What I had been searching for some time was a concise yet comprehensive history of the origins, sufferings and contributions of these brave and industrious people. The author does not fail to deliver on any of these, and the writing style Joyce Hampton employs makes the entire story so easy to read that even if you knew very little about the subject beforehand, you will gain so much learning and enjoyment from reading this. I particularly enjoyed the way In which the major events, such as the Edict of Nantes, as well as the Revocation, are described and evaluated whilst simultaneously the reader is provided with personal accounts of people’s often horrific experiences of such religious intolerance. You’ll be able to feel what they went through, and of course, many of these lessons still resonate with us today. Sometimes neighbour helped neighbour; sometimes, they didn’t. The story is as up to date as any such story can be – twentieth century events are narrated, and you’ll learn of events that took place even in 2017 too. I do not hesitate to recommend this book to all.
Meet Paul Andruss
Paul Andruss returns to the limelight with a brand new edition of Jack Hughes & Thomas the Rhymer (Book 1). It has been published by Black Wolf Books
Born and reared in Liverpool, the city’s legendary Scouse wit and dogged stoicism left its mark on the young Paul Andruss. After dropping out of sixth-form, because he was keen to get out into the world, Paul took his A-levels at Bootle Tech Night School, while working for the local Tax Office. He applied to study Psychology at Liverpool University on the grounds that anything was better than work. Considering his grades (just plumb lazy) no one was more surprised than he when his application was accepted.
After graduation Paul worked in rugged Cumbria, Manchester and London before moving to Turkey. To finance his passion for exploring the heartland of the Ancient Greek Empire, Paul wrote short travel articles focusing on the history and myths of the ruined cities and temples he visited. He began illustrating the pieces, using Photoshop to remove power lines and the odd Esso sign.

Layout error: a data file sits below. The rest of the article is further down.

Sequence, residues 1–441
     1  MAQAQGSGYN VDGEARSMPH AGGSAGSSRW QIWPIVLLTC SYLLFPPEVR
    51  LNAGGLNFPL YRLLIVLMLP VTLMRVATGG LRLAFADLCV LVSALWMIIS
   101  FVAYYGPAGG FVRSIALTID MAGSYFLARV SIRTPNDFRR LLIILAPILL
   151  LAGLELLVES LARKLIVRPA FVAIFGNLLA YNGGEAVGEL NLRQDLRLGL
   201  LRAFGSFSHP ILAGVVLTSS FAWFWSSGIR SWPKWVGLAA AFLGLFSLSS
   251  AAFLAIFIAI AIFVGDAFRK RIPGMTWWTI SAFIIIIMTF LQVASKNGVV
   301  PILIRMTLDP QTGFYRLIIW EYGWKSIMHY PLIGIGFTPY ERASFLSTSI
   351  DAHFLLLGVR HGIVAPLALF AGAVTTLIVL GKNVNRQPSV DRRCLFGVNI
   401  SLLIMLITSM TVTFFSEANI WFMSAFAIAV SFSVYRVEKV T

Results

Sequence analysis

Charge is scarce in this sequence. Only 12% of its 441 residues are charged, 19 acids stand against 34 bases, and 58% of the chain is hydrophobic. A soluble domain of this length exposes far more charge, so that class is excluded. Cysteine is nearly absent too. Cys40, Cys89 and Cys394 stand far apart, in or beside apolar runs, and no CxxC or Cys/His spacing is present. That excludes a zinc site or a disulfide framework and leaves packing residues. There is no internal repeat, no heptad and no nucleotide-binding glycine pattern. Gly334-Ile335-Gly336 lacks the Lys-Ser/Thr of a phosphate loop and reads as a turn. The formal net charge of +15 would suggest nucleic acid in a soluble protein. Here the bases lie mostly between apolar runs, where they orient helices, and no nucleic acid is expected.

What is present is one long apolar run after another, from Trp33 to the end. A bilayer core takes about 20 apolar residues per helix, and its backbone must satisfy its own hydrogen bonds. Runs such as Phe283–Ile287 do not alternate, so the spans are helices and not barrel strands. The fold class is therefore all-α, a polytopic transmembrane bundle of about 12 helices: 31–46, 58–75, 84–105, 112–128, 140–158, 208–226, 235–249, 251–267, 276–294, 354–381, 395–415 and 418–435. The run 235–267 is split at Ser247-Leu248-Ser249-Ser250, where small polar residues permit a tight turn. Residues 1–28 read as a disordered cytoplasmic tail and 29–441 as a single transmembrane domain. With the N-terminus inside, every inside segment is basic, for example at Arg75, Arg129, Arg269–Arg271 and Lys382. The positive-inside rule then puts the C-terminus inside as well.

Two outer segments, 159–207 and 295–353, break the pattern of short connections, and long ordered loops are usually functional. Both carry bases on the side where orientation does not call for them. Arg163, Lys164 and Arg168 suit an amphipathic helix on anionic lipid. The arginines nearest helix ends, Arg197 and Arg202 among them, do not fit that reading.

Returning to the U.K. to focus on writing and illustration, he settled in rural South Wales in the foothills of the Brecon Beacons. Paul is the author of the Young Adult, magical realism, Jack Hughes trilogy and the forthcoming (very adult) Finn Mac Cool, a gritty, raunchy mythological saga. He has also written a number of short stories and novellas. All works are scheduled for release with Black Wolf Books, an exciting new, independent Scottish publisher.
One of the reviews for the previous edition
Just about the worst thing that can happen to any family is the disappearance of a child. This is exactly what happens in Jack’s family and, worse still, Jack is a witness to his older brother’s sudden and troubling disappearance.
The facts of the disappearance are very peculiar and, subsequent to his disappearance, Jack receives strange telephone calls from his brother, Dan, on his cell phone. When he answers, Dan says nothing and the line goes dead. Jack finds himself unable to tell anyone about what his saw that day, as soon as he tries he starts to choke and can’t utter a word. Then a strange tramp appears who speaks only in rhymes. The tramp, whom only Jack can see, seems to be able to pass through walls and disappear at will. All of this is against a background of stress at home due to Jack’s mother suffering from a chronic illness.
Jack finds himself embroiled in the magical kingdom of the fairies and soon discovers that their failing world is tinged with evil. Jack and his friends experience an array of mystical and strange happenings including travelling by fairy ley lines and disappearing into a living tapestry.
Author Paul Andruss has an expert knowledge of mythical creatures and the world of the fairies which he shares with the reader using the most beautiful and expressive language. He pulls you into this fairy world, which exists in parallel to our own and which is fraught with difficulties due to human technology and progress. This book also shares valuable lessons about everything not being as it appears to be and the value of strong friendships.
Who is the strange tramp and what does he want from Jack? Can he help Jack to find his brother and bring him back before it is too late?
A few beautiful quotes from this book are as follows:
“Beautiful,” she signed, mesmerized by the shifting hues washing over the weave like skeins of mist.”
“Drifts of heady perfume left Jack heavy-eyed, yet giddy with recklessness.”
“The tramp was back on Mr Gibson’s wall. All he could think about was the poem. Yesterday upon the stair, I met a man who wasn’t there… He wasn’t there again today… I wish that man would GO AWAY!”
This book is suitable for readers aged from 11 years and older. Adult readers will also appreciate the delightful prose, beautiful imagery and clever story line.
Thanks for dropping in today and it would be great if you could share…one more post to go in the series tomorrow with more recent authors in the Cafe and Bookstore.